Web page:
Sometimes it’s a good idea to say yes even if you have never tasted what is being offered. How else will you know if you like it or not?
Such was the case when the waiter at San Toro in Todos Santos explained what damiana was. The menu had a few margaritas, with one having this liqueur in it. Neither my niece nor I had heard of it. We took the “just yes” approach and were happy with our decision.
Of course it cost more, but it was worth it. This is in contrast to when I’ve had margaritas in the States with grand marnier. I’ve never been impressed with a grand marnier float or mixed in. Perhaps this is because it is an orange liqueur just like the Cointreau I use when making a margarita. It’s really a waste of money.
Damiana is sweet, but also somewhat earthy. It’s worth the extra pesos.
It can easily be a substitute for simple syrup in margaritas because sugarcane is part of the final product.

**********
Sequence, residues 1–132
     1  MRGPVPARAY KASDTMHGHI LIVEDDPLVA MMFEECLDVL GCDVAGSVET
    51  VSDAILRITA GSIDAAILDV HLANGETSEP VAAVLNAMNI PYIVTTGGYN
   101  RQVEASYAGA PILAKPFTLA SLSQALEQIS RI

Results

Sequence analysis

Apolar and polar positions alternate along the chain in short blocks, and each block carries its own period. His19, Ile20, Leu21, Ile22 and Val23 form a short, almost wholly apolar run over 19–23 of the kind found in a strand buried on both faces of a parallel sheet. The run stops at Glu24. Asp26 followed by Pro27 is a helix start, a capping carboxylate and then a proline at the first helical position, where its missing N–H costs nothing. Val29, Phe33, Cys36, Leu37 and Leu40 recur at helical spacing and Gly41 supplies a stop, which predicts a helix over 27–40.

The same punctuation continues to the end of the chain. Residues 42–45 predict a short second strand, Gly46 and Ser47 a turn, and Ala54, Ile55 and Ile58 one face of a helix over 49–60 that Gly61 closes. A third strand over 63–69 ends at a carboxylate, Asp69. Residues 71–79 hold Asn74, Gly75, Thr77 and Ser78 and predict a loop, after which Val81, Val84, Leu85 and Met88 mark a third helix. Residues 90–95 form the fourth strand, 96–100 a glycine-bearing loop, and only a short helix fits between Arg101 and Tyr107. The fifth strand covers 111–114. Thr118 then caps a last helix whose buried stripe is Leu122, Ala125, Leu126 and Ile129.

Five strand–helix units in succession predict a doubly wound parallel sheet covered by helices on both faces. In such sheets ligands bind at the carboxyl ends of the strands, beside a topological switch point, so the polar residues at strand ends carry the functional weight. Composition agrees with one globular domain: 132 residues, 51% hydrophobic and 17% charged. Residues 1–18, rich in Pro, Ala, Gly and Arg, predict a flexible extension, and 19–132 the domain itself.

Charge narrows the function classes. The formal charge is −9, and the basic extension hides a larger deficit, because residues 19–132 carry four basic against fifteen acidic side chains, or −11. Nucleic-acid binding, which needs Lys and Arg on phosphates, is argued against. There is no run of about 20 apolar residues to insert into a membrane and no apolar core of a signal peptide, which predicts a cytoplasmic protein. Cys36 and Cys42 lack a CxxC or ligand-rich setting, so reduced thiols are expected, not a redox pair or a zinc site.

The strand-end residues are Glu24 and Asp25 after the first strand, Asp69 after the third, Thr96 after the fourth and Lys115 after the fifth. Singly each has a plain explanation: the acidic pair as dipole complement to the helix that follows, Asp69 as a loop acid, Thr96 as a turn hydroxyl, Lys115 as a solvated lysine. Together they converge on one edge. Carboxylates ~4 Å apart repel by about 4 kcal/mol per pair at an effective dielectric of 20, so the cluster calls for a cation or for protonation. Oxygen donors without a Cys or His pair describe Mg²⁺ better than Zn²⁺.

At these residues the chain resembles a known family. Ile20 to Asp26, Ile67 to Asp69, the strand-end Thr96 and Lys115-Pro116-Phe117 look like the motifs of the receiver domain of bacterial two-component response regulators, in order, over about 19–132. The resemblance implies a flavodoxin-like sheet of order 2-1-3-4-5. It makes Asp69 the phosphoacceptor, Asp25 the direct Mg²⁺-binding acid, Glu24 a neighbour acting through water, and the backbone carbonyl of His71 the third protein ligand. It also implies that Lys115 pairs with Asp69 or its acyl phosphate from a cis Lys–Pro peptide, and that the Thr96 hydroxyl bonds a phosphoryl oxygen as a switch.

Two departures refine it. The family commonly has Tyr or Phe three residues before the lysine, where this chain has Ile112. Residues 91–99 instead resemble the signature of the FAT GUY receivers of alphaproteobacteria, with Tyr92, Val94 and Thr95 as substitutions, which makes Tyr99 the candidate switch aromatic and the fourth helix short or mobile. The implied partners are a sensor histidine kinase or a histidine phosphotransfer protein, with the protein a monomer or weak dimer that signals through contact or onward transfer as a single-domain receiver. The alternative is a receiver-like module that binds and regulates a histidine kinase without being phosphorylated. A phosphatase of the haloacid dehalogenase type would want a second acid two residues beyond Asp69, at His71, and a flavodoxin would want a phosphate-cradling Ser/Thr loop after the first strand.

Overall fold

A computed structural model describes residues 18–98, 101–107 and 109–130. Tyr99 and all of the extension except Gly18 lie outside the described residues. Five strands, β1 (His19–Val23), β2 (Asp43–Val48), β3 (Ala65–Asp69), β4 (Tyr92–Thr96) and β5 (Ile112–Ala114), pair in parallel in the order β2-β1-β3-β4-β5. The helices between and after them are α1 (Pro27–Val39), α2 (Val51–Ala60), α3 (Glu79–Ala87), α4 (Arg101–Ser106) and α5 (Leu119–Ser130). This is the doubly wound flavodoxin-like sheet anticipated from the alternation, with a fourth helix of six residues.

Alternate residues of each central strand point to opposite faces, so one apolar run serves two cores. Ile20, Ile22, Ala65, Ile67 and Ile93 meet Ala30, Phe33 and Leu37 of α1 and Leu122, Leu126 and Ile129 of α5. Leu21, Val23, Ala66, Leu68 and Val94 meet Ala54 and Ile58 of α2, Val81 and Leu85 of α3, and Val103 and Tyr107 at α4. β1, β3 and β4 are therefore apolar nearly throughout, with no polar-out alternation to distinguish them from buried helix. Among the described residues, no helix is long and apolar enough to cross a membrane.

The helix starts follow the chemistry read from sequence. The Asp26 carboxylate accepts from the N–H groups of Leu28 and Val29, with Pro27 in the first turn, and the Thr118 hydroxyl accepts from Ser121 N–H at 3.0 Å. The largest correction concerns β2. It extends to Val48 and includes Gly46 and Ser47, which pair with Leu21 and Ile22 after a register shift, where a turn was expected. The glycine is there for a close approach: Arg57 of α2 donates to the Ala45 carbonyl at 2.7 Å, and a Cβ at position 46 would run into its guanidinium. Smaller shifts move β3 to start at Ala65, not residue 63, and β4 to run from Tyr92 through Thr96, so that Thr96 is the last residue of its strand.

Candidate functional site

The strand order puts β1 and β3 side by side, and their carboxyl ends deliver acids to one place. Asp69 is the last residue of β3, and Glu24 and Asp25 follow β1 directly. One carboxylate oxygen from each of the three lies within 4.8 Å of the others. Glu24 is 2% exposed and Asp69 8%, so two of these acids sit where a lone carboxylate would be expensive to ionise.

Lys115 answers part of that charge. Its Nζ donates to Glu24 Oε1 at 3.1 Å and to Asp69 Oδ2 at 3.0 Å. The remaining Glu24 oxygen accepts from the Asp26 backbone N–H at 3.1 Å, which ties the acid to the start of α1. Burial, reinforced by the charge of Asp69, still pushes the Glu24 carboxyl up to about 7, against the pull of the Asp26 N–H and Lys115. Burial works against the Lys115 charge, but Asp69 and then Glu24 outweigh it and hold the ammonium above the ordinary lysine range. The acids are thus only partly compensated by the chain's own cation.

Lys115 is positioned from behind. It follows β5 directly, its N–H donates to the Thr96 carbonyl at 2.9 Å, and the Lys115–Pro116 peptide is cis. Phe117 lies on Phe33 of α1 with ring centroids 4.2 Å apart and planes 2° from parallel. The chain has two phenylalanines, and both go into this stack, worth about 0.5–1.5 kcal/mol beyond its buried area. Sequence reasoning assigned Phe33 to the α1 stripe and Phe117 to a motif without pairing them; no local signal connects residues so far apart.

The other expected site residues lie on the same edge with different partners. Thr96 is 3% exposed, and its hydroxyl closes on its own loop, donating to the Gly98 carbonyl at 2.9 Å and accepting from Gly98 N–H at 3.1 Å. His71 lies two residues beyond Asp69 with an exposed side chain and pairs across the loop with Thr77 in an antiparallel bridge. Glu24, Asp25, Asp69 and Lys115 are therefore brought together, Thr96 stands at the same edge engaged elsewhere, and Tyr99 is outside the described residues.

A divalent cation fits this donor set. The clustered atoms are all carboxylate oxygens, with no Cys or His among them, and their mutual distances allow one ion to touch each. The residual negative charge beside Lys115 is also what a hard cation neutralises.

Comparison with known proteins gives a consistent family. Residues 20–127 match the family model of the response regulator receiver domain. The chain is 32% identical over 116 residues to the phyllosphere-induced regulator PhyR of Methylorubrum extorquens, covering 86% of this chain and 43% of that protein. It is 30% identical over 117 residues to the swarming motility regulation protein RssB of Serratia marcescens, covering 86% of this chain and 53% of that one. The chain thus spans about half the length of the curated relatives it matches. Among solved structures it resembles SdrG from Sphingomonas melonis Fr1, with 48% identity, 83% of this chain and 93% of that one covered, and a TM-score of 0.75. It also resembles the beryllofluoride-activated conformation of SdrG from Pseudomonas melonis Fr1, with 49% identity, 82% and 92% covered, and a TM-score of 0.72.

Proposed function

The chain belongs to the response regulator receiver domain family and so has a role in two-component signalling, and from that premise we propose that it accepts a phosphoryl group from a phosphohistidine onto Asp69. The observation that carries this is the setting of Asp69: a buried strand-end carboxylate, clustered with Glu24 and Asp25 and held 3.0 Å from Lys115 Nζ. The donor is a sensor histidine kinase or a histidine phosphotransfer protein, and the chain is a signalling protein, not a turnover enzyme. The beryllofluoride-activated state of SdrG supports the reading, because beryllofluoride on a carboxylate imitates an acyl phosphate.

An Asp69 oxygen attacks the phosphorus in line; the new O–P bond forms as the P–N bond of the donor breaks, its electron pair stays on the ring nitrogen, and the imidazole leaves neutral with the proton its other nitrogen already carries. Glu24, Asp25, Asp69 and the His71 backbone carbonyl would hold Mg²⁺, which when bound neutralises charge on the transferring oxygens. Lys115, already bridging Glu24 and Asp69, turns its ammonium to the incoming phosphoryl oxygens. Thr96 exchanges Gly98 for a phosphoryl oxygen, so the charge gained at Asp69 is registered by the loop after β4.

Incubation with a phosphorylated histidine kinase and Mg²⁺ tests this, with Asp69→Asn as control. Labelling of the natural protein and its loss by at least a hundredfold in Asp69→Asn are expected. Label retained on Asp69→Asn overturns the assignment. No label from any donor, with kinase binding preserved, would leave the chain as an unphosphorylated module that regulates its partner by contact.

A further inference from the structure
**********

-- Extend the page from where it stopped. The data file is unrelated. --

Fortunately for me, Veronica had a partial bottle to dispose of when she headed back to the States. I was able to try it other ways at her expense, so to speak. I then had to get my own bottle.
This amber liqueur was discovered by the Guaycura Indians in Mexico. They used it for religious ceremonies.
While more than one company makes damiana, the largest Mexico producer puts it in a unique bottle. It is called Guaycura Licor de Damiana. The bottle looks a bit like a pregnant woman and resembles the Inca god of fertility.
This makes sense because the damiana plant is considered an aphrodisiac. It also is said to relieve stress, insomnia, and aches and pains.
The plant with bright yellow flowers grows in Baja California Sur and other subtropical locales like Central and South America, the Caribbean and southern Texas.
I’ve had damiana in hot chocolate, neat, in a margarita made with tequila and one made with mezcal. All are terrific, but the cocoa was my favorite because of a distinct cinnamon taste that I didn’t get having the other ways. The dried leaves of the plant can also be brewed into a tea.